- Nov 23, 2020
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Storming machine gun nests seems like it should be the Second World War. This is amazing courage and I’m gutted I didn’t know anything about him before this! What an inspiration
Aye that’s very sobering, especially Grose being there at 17. Essentially a childIt's a sobering thought that seventeen-year-old Pte Jason Burt had Passed out of Depot Para on 22 January 1982 as one of 476 Platoon and only a few months later was operationally deployed.
Two others from his Recruit Platoon were Pte Neil Grose, aged eighteen years and Pte Ian Scrivens aged seventeen years. Pte Grose's eighteenth birthday was 11 June 1982.
Pte Grose was mortally wounded on 12 June 1982, the day following his eighteenth birthday, and Pte Scrivens was killed by an Argentine sniper as he attempted to reach Grose to administer aid.
Ptes Burt, Grose and Scrivens were reinterred at Aldershot Military Cemetry in November 1982.
Sgt Ian J. McKay VC
When Lt Bickerdike handed command to Sgt McKay 4 Platoon had been stopped dead in its recce of enemy positions. Aside from Bickerdike it had sustained other serious casualties and was now the focus of effective and sustained MMG, HMG and sniper fire from a determined enemy which was well entrenched.
The terrain of Mount Longdon and enemy action had forced some elements of Lt Cox’s 5 Platoon across to merge with the flank of Sgt McKay’s 4 Platoon. The composite of 5 Platoon under Cpl Bailey and 4 Platoon were now in a critical situation.
Options were very limited. A withdrawal into better cover would leave the wounded even more vulnerable and the momentum of advance would have collapsed almost certainly resulting in more casualties and dead. Delay, dithering and inaction were arguably the biggest threats regardless of the devastating enemy fire.
Sgt McKay had earned a reputation for being a thinker who made calculated strategic decisions rather than impulsive ones. What went through Sgt McKay’s mind as he appraised the situation is of course a matter of speculation. His training and service had brought him to a moment in time which would define his career. It is apparent that Sgt McKay judged that the best chance of survival for his Platoon was an immediate attack on the formidable MMG and HMG positions.
On the voyage south on MV Canberra Sgt McKay had said to a colleague “I’ve no intention of taking any risks and getting killed [but] if I do… then it will be to protect my men, to save lives.”
Sgt McKay ordered 5 Platoon's Cpl Bailey and his men to skirt left and then skirmish forward. Then he ordered Cpl Kelly, LCpl James, Pte Kempster and Pte Burt to follow him. Cpl Bailey later recalled:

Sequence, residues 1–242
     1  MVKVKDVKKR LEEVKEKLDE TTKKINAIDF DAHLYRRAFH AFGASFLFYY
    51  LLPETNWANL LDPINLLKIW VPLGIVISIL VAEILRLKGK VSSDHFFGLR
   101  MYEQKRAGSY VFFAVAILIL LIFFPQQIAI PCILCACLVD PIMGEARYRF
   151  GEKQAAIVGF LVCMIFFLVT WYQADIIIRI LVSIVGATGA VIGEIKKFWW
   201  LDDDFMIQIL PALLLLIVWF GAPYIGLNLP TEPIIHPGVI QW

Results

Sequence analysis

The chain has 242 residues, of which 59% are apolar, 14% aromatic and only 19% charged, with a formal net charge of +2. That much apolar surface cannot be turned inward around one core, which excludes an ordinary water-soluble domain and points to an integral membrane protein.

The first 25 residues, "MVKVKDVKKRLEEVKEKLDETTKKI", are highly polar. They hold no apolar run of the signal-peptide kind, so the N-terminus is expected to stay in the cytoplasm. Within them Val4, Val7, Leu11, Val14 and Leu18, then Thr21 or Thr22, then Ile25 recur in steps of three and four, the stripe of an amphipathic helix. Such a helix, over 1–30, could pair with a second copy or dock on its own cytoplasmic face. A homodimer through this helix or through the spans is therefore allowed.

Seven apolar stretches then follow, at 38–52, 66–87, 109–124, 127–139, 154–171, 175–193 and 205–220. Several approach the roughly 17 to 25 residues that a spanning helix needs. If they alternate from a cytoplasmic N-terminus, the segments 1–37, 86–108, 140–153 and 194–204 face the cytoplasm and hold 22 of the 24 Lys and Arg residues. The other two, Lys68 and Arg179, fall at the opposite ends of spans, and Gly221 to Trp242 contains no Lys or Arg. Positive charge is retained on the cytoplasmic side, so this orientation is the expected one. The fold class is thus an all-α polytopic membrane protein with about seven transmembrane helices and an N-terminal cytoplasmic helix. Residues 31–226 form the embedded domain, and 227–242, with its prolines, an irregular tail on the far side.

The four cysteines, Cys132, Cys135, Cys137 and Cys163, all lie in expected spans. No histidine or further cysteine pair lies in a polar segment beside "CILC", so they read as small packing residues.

“The .50 calibre has a very distinctive sound - ‘bump, bump, bump’ - not like the GPMG, so we knew where the .50 was. James was out on the far left, then Jason [Burt], then [David] Kempster, then me with Ian out on the right. ‘Ned’ Kelly had moved around some rocks and as we moved off he fired rounds towards the .50 and used 66s [LAW] to keep their heads down.
We were then running across this piece of ground — ‘pepper potting’ — as we went across to get underneath the .50 so that we could then try and get around to it. What we didn’t know was that there were [Argentines] below. As we went across we got rounds coming at us straight away. I knew somebody went down to my left — Jason was killed within about two steps — and I knew somebody else was moving further off to my left. We went on and fired into one position as we ran past it.
I could see Ian, running, in the corner of my eye to the right and we got to a position where we were taking lots of rounds. That’s when I got shot. I thought I’d tripped, literally; I went to get up again and I had no movement in my right leg. I’d been hit in the right hip. I then went down again. Fell forward. I put my hand down and saw lots of blood. At that point it went quiet; then the firing started again. You see, the Argentine position that got me, which shot Jason and shot [and wounded] Kempster, was still there — a sangar with a tent around it. We just hadn’t seen it. That was the one that took us out but that position did not kill Ian. It wasn’t the .50, the .50 was above it.
Because Ian was off on the right, he had totally avoided the sangar that got me. He had gone around it and just kept going. He had gone in front of ‘Ned’s’ section and had run on the other side of some rocks and gone uphill, got on top of it and took out the .50. The last time I saw Ian McKay alive, he was still moving on my right. I was hit, went down, tried to get up and I never saw him again. There was fighting going on, two explosions then it stopped and there was nothing. Ian died in the trench.”
Cpl Bailey could not know it where he lay wounded but Sgt McKay never reached the .50’s position. The .50’s gun team apparently overwhelmed by the ferocity of Sgt McKay’s assault had fled along with the MAG (GPMG) team.
Lt Bickerdike recalled: